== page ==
Certain jobs in Colorado carry unique dangers for workers. For example, last weekend, a veteran Snowmass ski patroller was killed on the job when she was swept over a cliff by an avalanche. The 49-year-old woman had been a ski patroller at Aspen’s Snowmass ski resort for 26 years, but that didn’t make the job any less dangerous.
According to reports, the ski patroller triggered a small avalanche on a permanently closed run in the Hanging Valley Wall on Sunday afternoon. Her body was discovered about 40 minutes after the woman was declared missing. The Pitkin County coroner determined that the woman died of blunt force trauma to the chest and back.
Following the accident, the Occupational Safety and Health Administration arrived to investigate. They conducted interviews of ski patrol, the woman’s managers and others who may have had knowledge about the accident, a spokesman from OSHA’s Denver office said. The purpose of the investigation is to determine if any federal law violations occurred.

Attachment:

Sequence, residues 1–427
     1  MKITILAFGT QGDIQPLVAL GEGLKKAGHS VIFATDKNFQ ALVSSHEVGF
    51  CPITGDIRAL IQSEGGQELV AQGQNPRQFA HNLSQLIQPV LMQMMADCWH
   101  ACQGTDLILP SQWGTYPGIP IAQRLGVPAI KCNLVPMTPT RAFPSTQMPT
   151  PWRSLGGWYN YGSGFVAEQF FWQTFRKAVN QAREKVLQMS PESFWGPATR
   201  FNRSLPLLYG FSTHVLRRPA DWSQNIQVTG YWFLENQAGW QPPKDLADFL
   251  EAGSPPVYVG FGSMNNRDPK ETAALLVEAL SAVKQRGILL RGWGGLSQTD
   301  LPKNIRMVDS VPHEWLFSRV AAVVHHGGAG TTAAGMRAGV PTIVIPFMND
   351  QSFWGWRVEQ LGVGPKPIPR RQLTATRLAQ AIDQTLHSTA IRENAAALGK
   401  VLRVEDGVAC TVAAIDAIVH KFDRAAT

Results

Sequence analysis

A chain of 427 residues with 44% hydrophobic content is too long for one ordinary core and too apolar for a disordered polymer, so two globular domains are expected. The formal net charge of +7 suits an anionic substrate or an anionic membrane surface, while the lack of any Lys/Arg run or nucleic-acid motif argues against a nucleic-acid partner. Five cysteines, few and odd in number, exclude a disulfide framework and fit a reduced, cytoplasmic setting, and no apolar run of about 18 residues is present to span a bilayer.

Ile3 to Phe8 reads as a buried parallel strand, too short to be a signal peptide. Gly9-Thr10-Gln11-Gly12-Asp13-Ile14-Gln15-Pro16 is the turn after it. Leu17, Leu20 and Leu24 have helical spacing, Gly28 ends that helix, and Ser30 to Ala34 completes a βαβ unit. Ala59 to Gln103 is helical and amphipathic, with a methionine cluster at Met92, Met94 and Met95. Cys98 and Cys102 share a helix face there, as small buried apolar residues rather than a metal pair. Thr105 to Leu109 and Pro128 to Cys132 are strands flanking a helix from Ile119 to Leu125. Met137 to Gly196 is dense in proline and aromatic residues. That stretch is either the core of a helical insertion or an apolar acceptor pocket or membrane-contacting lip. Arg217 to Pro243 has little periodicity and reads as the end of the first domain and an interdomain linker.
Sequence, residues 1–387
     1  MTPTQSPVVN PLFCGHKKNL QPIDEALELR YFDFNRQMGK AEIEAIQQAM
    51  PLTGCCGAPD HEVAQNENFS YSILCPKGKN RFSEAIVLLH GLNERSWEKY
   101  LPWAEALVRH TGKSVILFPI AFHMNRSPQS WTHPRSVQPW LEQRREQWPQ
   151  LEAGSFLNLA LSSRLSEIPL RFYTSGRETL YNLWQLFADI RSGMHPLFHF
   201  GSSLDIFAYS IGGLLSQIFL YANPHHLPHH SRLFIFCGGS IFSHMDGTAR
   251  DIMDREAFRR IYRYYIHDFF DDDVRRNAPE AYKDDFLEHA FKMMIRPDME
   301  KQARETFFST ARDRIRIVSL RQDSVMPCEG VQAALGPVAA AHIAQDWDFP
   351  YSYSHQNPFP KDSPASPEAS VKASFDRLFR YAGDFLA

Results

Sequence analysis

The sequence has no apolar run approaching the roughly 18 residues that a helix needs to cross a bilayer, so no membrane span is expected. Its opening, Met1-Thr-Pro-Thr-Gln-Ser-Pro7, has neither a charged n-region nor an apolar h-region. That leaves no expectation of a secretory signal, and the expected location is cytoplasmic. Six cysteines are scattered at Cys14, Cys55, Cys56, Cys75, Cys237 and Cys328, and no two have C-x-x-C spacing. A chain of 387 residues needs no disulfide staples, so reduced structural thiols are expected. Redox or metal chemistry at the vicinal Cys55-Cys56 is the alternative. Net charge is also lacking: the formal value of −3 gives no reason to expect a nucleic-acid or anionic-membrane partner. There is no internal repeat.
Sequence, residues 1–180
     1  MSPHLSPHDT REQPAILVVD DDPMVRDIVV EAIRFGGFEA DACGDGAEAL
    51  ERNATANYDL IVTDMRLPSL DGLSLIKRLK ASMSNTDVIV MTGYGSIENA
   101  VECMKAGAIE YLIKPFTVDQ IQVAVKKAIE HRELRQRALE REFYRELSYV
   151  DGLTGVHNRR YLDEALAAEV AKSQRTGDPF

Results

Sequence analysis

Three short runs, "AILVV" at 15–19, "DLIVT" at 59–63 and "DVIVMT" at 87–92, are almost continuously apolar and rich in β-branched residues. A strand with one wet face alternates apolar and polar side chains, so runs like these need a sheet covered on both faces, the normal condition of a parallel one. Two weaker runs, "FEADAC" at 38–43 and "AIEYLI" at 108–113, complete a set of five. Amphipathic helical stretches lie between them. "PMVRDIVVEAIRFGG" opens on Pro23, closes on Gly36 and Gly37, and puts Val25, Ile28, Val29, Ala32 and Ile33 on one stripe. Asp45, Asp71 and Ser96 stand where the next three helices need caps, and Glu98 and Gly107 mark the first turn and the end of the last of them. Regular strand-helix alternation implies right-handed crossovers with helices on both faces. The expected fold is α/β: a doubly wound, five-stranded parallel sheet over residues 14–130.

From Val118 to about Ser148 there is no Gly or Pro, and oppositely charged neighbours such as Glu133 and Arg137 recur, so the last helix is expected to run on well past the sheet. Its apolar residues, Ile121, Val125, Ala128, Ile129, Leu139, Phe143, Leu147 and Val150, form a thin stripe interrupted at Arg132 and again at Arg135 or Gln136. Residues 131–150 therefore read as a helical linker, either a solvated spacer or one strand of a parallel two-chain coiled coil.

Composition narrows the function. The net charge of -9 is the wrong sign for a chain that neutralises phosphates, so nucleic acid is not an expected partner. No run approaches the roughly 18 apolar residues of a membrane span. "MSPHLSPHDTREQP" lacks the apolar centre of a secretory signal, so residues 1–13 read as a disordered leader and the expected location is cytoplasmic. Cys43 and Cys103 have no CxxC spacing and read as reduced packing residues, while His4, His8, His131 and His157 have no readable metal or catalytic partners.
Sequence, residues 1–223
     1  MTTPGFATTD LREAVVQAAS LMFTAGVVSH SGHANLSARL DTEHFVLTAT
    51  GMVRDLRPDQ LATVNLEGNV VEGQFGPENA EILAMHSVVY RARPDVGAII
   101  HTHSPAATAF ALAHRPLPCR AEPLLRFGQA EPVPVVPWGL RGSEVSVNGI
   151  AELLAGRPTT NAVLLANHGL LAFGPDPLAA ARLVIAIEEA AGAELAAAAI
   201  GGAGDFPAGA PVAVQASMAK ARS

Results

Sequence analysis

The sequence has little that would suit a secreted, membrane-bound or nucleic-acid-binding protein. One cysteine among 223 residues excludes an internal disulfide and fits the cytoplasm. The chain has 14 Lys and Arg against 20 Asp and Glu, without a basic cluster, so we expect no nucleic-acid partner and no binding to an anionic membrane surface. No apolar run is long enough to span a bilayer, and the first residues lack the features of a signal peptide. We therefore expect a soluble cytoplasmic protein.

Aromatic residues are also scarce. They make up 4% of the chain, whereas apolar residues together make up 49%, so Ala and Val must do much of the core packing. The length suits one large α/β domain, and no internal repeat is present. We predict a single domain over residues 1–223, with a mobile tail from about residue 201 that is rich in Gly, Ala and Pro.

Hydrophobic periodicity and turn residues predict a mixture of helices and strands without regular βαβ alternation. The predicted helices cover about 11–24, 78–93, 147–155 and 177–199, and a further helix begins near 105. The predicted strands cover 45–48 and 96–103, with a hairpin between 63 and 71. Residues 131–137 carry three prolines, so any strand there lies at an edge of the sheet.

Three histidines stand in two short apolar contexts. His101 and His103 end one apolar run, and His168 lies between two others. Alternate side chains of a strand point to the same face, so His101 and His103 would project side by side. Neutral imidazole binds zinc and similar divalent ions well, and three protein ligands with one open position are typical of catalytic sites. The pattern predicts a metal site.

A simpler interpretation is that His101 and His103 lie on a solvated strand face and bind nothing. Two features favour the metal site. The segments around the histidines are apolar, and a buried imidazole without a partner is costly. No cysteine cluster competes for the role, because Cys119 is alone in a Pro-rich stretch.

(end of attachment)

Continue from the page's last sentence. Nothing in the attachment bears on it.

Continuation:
SkiCo, the woman’s employer, released a statement following the accident saying it was unaware why the woman was skiing in the closed area before the avalanche occurred. The statement said the company did not know of her intentions to be there. The woman’s friends and colleagues plan to gather this weekend to hold a “celebration of life” service.
When a worker is killed on the job in Colorado, his or her family members may be entitled to workers’ compensation dependency and death benefits. The benefits help the family make up for the financial support the worker provided before the fatal accident. The family may also receive assistance for funeral and burial expenses.
Source: Aspen Daily News, “Memorial service for Snowmass patroller set for Saturday,” Carolyn Sackariason, Jan. 3, 2012